I've decided last week to go on after all with the GoClear extension even if there were many aspects to be considered about it (like I wrote in the last blog entry). Yesterday, I've finished a basic version of the ZRTP GoClear enhancement. This is a report about the changes done to ZRTP4J and also to the SC sources along with the description of how the GoClear - GoSecure feature is implemented:
Packets added: ZrtpPacketGoClear and ZrtpPacketClearAck simple classes for the GoClear and the ClearAck messages. The first one provides the getter and setter for the clear_hmac field of the packet.
Events added to ZrtpStateClass.EventDataType: ZrtpGoClear to signal GoClear send request to the state engine and ZrtpGoSecure for signaling switching back to secure mode after GoClear.
States added (or with modified handling) to ZrtpStateClass.ZrtpStates: WaitClearAck (was already added to the enumeration but with empty events handling), UnsecuredState (the state in which the engine gets after a successful GoClear transaction), SecureState (added the GoClear related events handling to it); more information about these inside the implementation description which follows
Let's take a secured call between peer A and peer B as an example. In order to switch to unsecure mode user A clicks the padlock button (displayed as active). This triggers the send of a SecureEvent handled in CallSessionImpl, which finally gets to the ZRTPChangeStatus function's else branch which calls requestGoClear from the ZrtpTransformEngine. The request is forwarded to the ZRTP4J Zrtp class function with the same name. Here a new ZrtpGoClear event is created and sent for processing to the ZrtpStateClass state engine.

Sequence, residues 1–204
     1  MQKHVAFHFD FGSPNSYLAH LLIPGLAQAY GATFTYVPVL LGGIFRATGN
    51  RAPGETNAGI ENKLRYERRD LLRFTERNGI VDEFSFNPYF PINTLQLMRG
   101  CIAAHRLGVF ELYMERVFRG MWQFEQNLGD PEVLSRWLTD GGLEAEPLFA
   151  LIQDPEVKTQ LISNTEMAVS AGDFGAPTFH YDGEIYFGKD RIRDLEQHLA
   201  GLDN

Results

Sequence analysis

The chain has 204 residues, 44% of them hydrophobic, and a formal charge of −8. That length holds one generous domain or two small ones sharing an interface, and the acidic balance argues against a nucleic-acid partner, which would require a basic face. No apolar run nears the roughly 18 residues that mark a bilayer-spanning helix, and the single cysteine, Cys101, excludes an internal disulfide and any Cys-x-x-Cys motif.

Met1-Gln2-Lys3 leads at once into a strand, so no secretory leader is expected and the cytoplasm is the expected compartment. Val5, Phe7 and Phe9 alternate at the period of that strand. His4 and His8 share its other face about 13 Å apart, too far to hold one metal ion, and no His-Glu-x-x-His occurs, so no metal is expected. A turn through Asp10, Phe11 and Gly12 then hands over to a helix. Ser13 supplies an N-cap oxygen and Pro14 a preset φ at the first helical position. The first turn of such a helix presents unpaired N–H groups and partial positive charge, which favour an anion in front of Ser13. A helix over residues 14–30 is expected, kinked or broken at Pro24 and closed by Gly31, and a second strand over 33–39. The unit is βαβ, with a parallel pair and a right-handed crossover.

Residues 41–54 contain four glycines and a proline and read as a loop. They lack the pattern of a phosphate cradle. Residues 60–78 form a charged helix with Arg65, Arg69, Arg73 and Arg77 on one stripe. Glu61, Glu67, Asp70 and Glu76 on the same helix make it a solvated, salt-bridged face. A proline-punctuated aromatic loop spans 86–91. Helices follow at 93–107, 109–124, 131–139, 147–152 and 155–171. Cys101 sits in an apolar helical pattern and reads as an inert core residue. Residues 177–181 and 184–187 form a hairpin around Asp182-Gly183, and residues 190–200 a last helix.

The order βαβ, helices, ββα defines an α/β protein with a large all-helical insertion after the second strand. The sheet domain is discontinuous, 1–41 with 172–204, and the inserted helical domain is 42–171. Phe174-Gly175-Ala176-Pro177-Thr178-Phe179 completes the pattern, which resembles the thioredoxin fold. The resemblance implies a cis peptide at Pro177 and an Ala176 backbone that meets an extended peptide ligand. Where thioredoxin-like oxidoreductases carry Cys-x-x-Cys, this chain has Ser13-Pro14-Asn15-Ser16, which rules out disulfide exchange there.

The only switch branch for processing the ZrtpGoClear event is the one from the SecureState. In case that the engine finds itself in other state when a ZrtpGoClear event is received this will be handled on the default branch of the state's function switch, meaning it will be treated in a similar way with ZrtpClose. I'm not entirely sure about this part, but it seemed to be somehow logical from the point of view of a user who cancels the call securing by clicking the paddlock button immediately after this is started - the case when the ZrtpGoClear request will reach another state than SecureState. Please note, that the ZrtpGoClear event is, as mentioned, only a request from the user to the state engine and not the event generated by the actual sending of a GoClear packet. However, if the current handling proves not to be appropriate, separate branches can be added for the ZrtpGoClear processing, to all states event handling methods.
GoClear message sending: